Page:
LINCOLN — The ACLU of Nebraska issued an ultimatum to Gov. Pete Ricketts on Monday: Take immediate action to address the state’s chronic prison overcrowding and staff shortages or get sued.
The six-page letter gave the governor 10 days to respond.
“The continued pattern of inhumane treatment and deficient conditions at (Nebraska corrections) facilities present an invitation to legal action,” stated the ACLU letter.
“Current conditions jeopardize public safety, the well being of corrections staff, and the health, safety and lives of those serving a sentence.”
The ACLU of Nebraska has threatened since at least 2014 to file a federal civil rights lawsuit unless conditions improved in the state’s prison system. But Monday’s letter appeared to serve as a final written warning before a lawsuit is filed.
“It’s more than a threat, it’s a promise,” said State Sen. Laura Ebke of Crete, who chairs the Legislature’s Judiciary Committee, which oversees prison issues.
Ricketts’ spokesman, Taylor Gage, said Monday the state is making steady progress to reform its prison system, following a plan laid out by the Justice Center of the Council of State Governments, which has helped more that two dozen states.
Gage said that the ACLU’s call to declare a prison emergency, which could result in the early release of prisoners, “is absurd and threatens public safety,” coming on the heels of recent prison disturbances.
“We call on the ACLU to support our efforts to fully fund (the agency’s) budget needs, including additional corrections officers who protect the public and inmates,” Gage said.
The letter comes three days after a violent disturbance at a Lincoln prison, and amid growing frustration among state lawmakers and front-line corrections staff. They have said that despite several studies highlighting problems within the Nebraska corrections system, little progress has been made to reduce overcrowding or reduce shortages of health care and mental health providers.
“The governor needs to declare an emergency and take steps to restore safety within our prison facilities,” said Omaha Sen. Bob Krist, who has served on more than one committee studying problems in the corrections system.
The governor has the authority to declare a prison “emergency” when the inmate population reaches 140 percent of capacity, which both Ricketts and previous Gov. Dave Heineman declined to do. Such an emergency requires the state to consider paroling inmates immediately unless they are deemed too dangerous for release.
Among the six people signing Monday’s letter from the ACLU was Michael Bien, a San Francisco attorney who helped successfully sue the State of California for overcrowded and substandard prisons.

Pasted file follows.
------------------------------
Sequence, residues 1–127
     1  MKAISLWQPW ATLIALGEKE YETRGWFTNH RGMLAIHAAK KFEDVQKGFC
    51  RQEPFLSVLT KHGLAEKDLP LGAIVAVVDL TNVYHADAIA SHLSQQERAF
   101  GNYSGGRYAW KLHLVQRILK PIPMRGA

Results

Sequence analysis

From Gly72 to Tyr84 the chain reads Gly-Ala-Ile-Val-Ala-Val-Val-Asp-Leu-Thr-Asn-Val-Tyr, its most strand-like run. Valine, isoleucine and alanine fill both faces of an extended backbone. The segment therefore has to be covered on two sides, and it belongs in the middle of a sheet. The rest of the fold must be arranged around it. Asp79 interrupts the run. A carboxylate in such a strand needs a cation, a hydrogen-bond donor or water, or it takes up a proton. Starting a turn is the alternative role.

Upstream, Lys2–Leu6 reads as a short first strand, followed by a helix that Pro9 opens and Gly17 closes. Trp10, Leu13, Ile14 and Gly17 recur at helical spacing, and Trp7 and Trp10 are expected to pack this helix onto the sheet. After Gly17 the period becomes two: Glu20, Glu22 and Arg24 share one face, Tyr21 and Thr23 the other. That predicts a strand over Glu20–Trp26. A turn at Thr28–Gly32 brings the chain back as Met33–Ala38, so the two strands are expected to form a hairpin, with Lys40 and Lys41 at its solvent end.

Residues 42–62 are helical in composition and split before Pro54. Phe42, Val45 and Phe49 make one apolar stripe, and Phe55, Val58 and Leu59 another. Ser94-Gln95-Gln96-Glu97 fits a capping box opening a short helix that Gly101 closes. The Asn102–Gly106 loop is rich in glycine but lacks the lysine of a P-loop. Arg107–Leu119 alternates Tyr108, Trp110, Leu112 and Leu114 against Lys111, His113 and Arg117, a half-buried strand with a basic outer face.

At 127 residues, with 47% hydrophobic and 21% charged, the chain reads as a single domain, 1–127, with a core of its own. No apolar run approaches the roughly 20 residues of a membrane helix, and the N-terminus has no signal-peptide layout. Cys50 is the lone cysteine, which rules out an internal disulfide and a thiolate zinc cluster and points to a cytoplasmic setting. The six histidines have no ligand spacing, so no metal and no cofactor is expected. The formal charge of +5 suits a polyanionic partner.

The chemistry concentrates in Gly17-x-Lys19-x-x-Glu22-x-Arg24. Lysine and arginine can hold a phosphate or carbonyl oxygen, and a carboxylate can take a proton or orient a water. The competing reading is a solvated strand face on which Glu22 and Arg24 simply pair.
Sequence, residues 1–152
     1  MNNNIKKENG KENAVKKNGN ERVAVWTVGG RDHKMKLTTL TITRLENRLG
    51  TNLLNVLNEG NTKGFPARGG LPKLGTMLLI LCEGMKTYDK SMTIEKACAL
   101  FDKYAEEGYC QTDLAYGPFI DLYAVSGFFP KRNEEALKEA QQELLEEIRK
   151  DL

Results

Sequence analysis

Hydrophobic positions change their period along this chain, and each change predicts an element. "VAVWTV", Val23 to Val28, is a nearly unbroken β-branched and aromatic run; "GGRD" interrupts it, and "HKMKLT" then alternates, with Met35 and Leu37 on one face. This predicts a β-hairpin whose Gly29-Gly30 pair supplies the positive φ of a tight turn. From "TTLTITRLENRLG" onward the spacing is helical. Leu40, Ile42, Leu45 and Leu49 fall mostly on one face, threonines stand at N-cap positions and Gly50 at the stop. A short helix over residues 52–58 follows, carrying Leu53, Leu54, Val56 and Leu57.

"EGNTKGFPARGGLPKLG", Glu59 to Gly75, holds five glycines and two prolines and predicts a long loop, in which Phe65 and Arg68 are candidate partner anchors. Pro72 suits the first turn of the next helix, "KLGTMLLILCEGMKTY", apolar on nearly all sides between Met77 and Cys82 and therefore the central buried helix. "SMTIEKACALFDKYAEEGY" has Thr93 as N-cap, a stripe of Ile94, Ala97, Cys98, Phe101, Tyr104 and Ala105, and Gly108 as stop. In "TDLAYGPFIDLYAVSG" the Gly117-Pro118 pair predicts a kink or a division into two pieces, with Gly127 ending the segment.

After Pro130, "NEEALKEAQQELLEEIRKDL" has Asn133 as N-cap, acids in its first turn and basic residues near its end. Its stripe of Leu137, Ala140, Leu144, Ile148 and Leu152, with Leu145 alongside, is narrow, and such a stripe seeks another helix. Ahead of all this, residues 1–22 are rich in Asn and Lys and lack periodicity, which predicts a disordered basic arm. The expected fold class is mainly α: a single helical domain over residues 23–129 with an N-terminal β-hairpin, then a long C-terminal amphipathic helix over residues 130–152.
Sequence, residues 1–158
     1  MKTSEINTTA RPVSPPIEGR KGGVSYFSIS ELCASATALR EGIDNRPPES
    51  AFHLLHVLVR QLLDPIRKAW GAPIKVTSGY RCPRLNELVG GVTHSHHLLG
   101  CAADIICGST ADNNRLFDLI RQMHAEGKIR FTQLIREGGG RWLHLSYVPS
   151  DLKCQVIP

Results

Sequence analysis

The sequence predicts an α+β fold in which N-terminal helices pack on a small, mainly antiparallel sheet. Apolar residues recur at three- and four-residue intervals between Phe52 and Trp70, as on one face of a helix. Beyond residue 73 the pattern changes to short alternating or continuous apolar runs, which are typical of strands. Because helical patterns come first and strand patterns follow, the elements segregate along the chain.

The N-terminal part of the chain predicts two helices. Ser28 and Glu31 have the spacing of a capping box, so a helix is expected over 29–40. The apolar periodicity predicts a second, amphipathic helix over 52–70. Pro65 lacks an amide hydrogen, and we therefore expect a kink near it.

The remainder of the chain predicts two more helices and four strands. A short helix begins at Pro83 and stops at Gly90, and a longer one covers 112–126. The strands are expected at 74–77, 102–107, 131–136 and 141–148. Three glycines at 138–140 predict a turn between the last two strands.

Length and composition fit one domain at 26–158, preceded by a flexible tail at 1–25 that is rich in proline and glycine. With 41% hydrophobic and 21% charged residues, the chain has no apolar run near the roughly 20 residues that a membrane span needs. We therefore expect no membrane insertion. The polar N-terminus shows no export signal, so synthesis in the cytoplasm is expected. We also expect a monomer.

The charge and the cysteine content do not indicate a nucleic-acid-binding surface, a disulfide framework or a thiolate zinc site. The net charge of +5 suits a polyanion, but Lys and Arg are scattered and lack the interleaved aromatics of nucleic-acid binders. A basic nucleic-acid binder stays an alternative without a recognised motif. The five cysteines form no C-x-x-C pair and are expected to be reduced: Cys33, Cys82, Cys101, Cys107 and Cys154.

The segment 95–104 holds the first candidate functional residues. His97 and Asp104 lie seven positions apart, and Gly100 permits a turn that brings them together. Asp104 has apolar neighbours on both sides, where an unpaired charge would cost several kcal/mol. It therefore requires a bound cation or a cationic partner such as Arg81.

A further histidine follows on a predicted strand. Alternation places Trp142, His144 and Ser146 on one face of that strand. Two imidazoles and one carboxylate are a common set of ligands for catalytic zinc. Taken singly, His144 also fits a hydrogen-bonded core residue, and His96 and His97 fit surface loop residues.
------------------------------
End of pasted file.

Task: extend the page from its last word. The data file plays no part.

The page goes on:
The letter stated that the continued overcrowding of Nebraska prisons — they now hold about 2,000 more inmates than their design capacity — has led to prison riots, assaults on staff members and failure to provide rehabilitation programs for inmates.
The letter said that inmates wait months for medical and mental health care due to “woefully understaffed” facilities.
“We have reviewed mental health records of prisoners who have been taken off anti-psychotic medications and given nothing in their place, prisoners who following a serious suicide attempt have been denied mental health counseling, and prisoners who have been medicated into a nonresponsive zombie-like state,” the ACLU letter said.
In one case, an inmate waited half a year to get treatment for a “fractured bone,” according to the civil rights group.
Overall, the ACLU said Nebraska’s prison system is “too overcrowded and too understaffed to promptly and effectively deal” with inmates’ mental health and health care needs.
In addition, the letter said the Corrections Department continues to misuse solitary confinement and has at least one prison, the Lincoln Correctional Center, that is not handicapped accessible.
Ricketts has defended actions taken by his administration, which include new rehabilitation programs, some salary enhancements for corrections officers and plans to add more prison beds.
He has repeatedly said that it took years of neglect for state prisons to become overcrowded, and it will take years to turn that around.
Despite steps taken by the governor and the agency, overcrowding has increased slightly in recent weeks, assaults on staff have risen and staff vacancies have persisted. The agency now has about 148 vacancies for corrections officers, and the ACLU says there were 53 vacancies for medical and mental health staff.
In the past two months there have been three major disturbances at state prisons, including one in March in which two inmates were killed, presumably by other inmates.
On Friday, three corrections staffers were assaulted and fires were set inside a housing unit at the State Diagnostic and Evaluation Center. That is the state’s most overcrowded prison, exceeding its capacity by about 300 percent.
Dozens of inmates sleep on plastic cots spread across floors at the Lincoln prison.